A recent study of 5G speeds by Opensignal found U.S. and U.K. speeds lagging those of several other countries that have deployed 5G. This actually is a fairly typical outcome, both early in deployment as well as later, when the networks are fully built out. You might wonder why. There is a a short-term answer and a long-term answer. The short-term explanation in the United States is that spectrum assets used to deploy 5G have used low band and millimeter wave, rather than mid-band spectrum. Millimeter provides very-high bandwidths, but takes a while to achieve coverage, while low-band provides good coverage, but limited bandwidth.
In the United Kingdom the story is the deployment of 5G using low-band spectrum, with mid-band and millimeter yet to happen at scale, though that is coming.
The long-term issue, at least for the U.S. market, is its continental size and the huge amount of rural and unpopulated areas. We often forget that six percent of the U.S. landmass is where most people live. About 94 percent of the land mass is unpopulated or lightly populated. And rural areas present the greatest challenge for deployment of communications facilities, or use of apps that require such facilities. Also, the U.S. mobile operators at present use very little mid-band spectrum, which has boosted 5G speeds in many markets. That problem corrects itself over time as new mid-band spectrum is deployed.
The “U.S. lags” story is quite typical. In fact, the “U.S. is behind” meme never goes away, where it comes to communications. The latest assertion in some quarters is that the United States is falling behind in 5G. That claim has been made many times about other key technologies and always has proven wrong.
In the past, it has been argued that the United States was behind, or falling behind, for use of mobile phones, smartphones, text messaging, broadband coverage, fiber to home, broadband speed or broadband price.
Consider voice adoption, where the best the United States ever ranked was about 15th globally, for teledensity (people provided with phone service). A couple of thoughts are worth keeping in mind. First, large countries always move slower than small countries or city-states, simply because construction of networks takes time and lots of capital.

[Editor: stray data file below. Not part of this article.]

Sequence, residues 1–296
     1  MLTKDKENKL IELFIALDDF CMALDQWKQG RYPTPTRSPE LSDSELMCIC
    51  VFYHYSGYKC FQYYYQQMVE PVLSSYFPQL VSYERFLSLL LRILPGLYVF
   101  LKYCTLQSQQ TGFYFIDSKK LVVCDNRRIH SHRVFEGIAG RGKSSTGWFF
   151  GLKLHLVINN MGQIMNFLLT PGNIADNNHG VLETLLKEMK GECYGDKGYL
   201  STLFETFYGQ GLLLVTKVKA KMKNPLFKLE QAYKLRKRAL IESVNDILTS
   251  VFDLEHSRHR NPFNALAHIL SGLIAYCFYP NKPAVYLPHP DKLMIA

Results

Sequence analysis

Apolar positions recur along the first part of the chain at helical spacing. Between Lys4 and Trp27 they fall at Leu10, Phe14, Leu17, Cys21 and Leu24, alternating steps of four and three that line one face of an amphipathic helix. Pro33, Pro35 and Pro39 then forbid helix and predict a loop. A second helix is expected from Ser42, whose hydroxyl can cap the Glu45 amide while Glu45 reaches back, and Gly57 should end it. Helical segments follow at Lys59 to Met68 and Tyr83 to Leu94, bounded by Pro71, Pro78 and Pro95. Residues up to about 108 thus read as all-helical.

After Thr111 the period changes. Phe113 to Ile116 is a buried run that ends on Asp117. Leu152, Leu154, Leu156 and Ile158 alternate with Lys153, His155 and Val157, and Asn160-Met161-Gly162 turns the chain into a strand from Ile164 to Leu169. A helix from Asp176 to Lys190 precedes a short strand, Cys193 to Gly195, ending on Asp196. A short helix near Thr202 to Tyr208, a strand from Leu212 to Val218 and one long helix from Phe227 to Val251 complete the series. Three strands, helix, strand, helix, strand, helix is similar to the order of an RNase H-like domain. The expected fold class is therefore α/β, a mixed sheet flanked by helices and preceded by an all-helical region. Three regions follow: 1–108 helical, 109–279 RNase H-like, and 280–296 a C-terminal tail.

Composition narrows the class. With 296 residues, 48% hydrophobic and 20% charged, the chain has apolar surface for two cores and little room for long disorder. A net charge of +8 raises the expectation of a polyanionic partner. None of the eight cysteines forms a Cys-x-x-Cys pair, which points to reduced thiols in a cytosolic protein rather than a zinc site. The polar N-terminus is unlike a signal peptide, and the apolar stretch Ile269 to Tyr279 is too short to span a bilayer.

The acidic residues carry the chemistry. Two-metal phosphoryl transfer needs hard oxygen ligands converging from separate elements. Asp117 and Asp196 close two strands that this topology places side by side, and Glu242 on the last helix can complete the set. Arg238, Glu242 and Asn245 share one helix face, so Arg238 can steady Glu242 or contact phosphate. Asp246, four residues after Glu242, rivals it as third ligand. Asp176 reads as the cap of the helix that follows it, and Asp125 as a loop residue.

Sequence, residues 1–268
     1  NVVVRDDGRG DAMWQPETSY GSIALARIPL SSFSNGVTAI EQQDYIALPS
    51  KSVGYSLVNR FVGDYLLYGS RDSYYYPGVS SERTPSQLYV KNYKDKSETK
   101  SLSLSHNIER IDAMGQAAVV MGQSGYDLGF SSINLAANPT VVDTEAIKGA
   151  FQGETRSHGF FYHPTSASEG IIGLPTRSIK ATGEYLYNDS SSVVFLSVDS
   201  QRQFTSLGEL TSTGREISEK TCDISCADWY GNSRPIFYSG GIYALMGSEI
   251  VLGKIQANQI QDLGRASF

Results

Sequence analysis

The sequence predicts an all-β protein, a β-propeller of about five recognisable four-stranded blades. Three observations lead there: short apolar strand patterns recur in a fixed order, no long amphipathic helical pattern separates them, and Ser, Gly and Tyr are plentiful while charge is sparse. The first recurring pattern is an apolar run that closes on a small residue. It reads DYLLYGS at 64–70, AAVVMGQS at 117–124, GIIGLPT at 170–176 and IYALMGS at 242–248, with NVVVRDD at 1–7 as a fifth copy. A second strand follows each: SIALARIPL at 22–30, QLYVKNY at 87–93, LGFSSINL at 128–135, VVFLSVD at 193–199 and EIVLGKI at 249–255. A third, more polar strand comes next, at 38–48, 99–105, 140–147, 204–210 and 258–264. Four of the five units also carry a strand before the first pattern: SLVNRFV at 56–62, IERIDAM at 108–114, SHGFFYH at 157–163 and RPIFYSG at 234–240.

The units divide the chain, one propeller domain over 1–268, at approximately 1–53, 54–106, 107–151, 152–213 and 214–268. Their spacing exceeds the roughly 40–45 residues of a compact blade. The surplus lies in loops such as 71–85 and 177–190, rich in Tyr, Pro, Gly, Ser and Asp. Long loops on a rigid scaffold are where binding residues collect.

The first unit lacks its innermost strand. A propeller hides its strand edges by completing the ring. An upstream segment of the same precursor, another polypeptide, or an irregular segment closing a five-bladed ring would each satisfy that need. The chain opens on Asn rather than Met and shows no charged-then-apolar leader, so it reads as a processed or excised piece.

With the caveat that some rural and isolated locations never got fixed network phone service, not many would seriously argue that the supply or use of fixed network voice was an issue of any serious importance for the nation as a whole, though it is an issue for rural residents who cannot buy it.
Some even have argued the United States was falling behind in spectrum auctions. That seems almost silly given the amount of spectrum not being released for use in the U.S. market, roughly an order of magnitude more spectrum than previously available for mobile services.
What such observations often miss is a highly dynamic environment, where apparently lagging metrics quickly are closed.
To be sure, adoption rates have sometimes lagged other regions.
Some assertions are repeated so often they seem true. Among such statements are beliefs that U.S. internet access is slow and expensive, or that internet service providers have not managed to make gigabit speeds available on a widespread basis. In fact, gigabit coverage is about 80 percent, but take rates might be as low as two percent.
Other statements, such as the claim that U.S. internet access prices or mobile prices are high, are not made in context, or qualified and adjusted for currency, local prices and incomes or other relevant inputs, including the comparison methodology itself.
The bottom line is that it is quite typical for U.S. performance for almost any important new infrastructure-related technology to lag other nations. It never matters, in the end. Eventually, the U.S. ranks somewhere between 10th and 20th on any given measure of technology adoption. That has been the pattern since the time of analog voice.